Now, I had no idea this enormous, epic thing was happening until I heard it through my barracks window miles away. I was a Russian student then at the Defense Language Institute at the Presidio where the feed-back heavy sound of the Paupers boomed across the bay.
I wished later that I’d hurried over, immediately; but I only caught the Saturday evening show.
Saturday afternoon, I hitched to the fairgrounds, stopping first at the community college where a a band called Yashala played for free on a stage on the football field. Folks applauded louder for their announced claim to be from San Francisco than for their music, and they were right. I missed the afternoon show at the festival that opened with Canned Heat and closed with the Electric Flag.
But I was perched in a tall tree when the Saturday evening show started with Moby Grape – the best band I’d ever seen up to that epic night.
Hugh Masekela seemed to play too long, or we weren’t ready for South African jazz; and I don’t recall the Byrds at all. Then came Laura Nyro, with a band, in a short, strong set. After her, San Francisco favorites Jefferson Airplane got hometown raves; then Memphis grooves took over as Booker T. and the MGs warmed up the crowd for Otis Redding, then the reigning soul giant.
Nyro didn’t get the career boost of other Monterey acts because she’s doesn’t appear in D.A. Pennebaker’s “Monterey Pop” movie. Her rambunctious “Wedding Bell Blues” and epic “Poverty Train” are among out-takes in “The Complete Monterey Pop Festival” three DVD set my family gave me for a birthday. They prove how great she was and that she didn’t get boo’ed as stubborn myth maintains.
After Monterey came more training in Texas, a flight to Istanbul and my first overseas duty station. I flew via London, where Cream drummer Ginger Baker drunkenly disembarked, and I saw other European capitols only from the air and their blank airports. Isolated on the Black Sea coast, I relied on albums my friend Alligator’s girlfriend sent him from New York to keep me connected to America, to myself.
Then, stationed in Kamiseya, Japan between Tokyo and Yokohama, Laura Nyro’s music came back to me in a dream; her face on an album cover.
At the Post Exchange on base the next day, I found her new “New York Tendaberry” album; the cover just like in my dream. I listened to nothing else for weeks, months.
Her voice ached with intimate longing in pain or rang proud with love; in musical frames ranging from just her piano to big orchestrations that rolled like parades. Her songs, cinematic and sympathetic, portrayed characters in their deepest hearts, as if listening through a keyhole to secrets that can’t be said but must be sung.
She was deepest and most compelling in darker moods. Any album that starts “You don’t love me when I cry” promises a rough ride, perfect for that time when missing my first lost love surrounded me like air. In “Captain* for Dark Mornings,” she pleads in a long fade, “Captain, say yes,” but the song doesn’t console falsely. She has nearly rebuilt herself in “Tom Cat Goodby,” a blithe retelling of Frankie and Johnny’s deadly tale of betrayal and revenge that reaches for refuge but instead finds desperation.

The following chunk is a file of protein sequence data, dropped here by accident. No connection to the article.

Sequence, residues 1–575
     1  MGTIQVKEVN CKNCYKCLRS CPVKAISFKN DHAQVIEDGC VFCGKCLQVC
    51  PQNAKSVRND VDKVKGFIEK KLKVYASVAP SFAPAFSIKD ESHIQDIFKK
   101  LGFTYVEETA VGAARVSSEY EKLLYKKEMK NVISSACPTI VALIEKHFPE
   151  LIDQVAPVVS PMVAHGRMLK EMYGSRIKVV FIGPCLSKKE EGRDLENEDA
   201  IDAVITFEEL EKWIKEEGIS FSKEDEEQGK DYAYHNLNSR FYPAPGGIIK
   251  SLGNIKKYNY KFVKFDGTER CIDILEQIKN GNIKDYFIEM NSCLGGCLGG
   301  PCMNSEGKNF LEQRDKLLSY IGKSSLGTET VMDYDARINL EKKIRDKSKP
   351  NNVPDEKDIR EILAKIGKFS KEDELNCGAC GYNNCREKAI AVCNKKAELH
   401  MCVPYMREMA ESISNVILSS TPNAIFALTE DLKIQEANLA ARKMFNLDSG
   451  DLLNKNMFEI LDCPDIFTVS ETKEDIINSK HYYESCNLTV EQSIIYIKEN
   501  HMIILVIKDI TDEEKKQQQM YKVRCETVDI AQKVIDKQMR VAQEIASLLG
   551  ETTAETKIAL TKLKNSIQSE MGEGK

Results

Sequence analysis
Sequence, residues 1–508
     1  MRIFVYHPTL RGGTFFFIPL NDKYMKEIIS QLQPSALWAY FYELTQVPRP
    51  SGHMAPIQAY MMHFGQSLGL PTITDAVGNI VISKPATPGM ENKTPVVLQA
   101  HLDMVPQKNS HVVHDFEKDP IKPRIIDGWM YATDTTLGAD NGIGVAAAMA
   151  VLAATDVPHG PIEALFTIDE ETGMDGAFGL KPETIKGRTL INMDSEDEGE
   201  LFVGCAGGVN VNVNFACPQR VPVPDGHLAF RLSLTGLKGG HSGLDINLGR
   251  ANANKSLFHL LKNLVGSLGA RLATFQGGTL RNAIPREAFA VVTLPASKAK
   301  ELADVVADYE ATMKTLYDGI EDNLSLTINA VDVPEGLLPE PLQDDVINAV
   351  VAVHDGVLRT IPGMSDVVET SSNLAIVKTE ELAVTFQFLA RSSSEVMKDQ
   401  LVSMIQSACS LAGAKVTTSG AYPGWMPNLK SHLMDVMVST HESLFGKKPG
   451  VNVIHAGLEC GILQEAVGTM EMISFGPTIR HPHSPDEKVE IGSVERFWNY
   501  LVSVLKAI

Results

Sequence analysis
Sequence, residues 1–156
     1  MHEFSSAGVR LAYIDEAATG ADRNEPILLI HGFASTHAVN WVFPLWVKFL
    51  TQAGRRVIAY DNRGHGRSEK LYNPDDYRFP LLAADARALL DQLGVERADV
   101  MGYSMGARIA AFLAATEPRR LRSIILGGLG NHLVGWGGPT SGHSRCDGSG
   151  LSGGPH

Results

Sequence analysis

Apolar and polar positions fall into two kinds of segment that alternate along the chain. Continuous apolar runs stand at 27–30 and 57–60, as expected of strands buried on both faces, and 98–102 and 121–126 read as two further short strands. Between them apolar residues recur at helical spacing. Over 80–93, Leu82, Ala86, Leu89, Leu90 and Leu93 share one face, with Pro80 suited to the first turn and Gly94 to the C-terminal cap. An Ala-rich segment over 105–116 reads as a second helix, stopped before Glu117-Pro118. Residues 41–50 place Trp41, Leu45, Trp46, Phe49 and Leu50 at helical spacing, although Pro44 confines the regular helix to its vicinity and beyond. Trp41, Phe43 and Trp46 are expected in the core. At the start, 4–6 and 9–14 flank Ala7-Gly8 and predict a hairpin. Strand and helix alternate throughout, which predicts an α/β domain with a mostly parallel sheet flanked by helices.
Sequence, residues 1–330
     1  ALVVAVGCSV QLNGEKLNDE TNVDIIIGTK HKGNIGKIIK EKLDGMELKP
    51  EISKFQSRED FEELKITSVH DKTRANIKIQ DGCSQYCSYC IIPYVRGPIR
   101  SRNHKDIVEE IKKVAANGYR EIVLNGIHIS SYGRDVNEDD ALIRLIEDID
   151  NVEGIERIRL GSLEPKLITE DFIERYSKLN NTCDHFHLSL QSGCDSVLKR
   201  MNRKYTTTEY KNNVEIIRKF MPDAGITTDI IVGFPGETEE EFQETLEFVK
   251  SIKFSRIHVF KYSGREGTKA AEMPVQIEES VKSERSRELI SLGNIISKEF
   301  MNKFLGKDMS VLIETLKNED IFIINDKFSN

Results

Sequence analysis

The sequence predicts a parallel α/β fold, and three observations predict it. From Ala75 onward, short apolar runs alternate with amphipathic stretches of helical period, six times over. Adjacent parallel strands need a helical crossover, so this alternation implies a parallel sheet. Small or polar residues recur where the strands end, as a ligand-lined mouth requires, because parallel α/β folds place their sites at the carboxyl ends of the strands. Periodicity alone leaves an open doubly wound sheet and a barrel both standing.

In the next two songs, her voice itself becomes orchestral. She stacks it high in layered choruses in “Mercy on Broadway,” sometimes with the tile-walled echo of subway singers. Then she strips off the years in “Save the Country,” leaving it bare in childlike, hopeful innocence, a call to renewal, to goodness, to salvation in togetherness.
“Gibsom Street” lets the heart catch its breath and start to climb out of isolation. It’s springtime.
Whenever I listened to the album, this and the next tune, ”Time and Love,” always brought me a sense of relief, words of hope riding hand in hand with a melody of pure uplift.
“The Man Who Sends Me Home” has a wistful serenity that deepens as the arrangement fades to leave behind everything but voice and piano and longing. When the sound rebuilds as drums, bass then a heaven of flutes join in “Sweet Lovin’ Baby,” the sun comes out.
Captain Saint Lucifer” has a brash, swaggering sound, horns and woodwinds and the album’s most emphatic beats, but it curls back to a solitary piano.
“New York Tendaberry” makes love to her town, going big and brassy, then whispering in reverent tenderness.
“In The Country Way” announces her retreat from the city to the next phase of her actual life.
That album so dominated the soundscape in the little cottage where I lived in Minami-Rinkan, Japan that my room-mates joined me in writing a group fan letter, responding almost song by song. Michael “Lew” Ayres hailed the emotional courage of her singing with “It takes a lot of nerve to sing like that.”
Her courage inspired mine, and the lingering heartache of a a breakup lifted like a fog. The sun was out, again.
I got every album she made and saw her play whenever I could. I rejoiced in her Tanglewood show with a full band; but I also lamented when time passed with no new music from her, no new albums to wash over me.
Her first hiatus came at just 24 right after “New York Tendaberry.” In the mid-70s, she kicked back again, to have a family, there in the country (Connecticut).
Then in 1984, Nyro made a come-back.
Famously reclusive even when actively making music, I knew she wouldn’t grant many interviews. But I desperately wanted her voice on my phone. So I called her publicist 22 times in less than a week and was finally, very grudgingly, promised 20 minutes by phone. Her publicist then was Barbara Cobb, gratefully named here because she endured my maniacal persistence.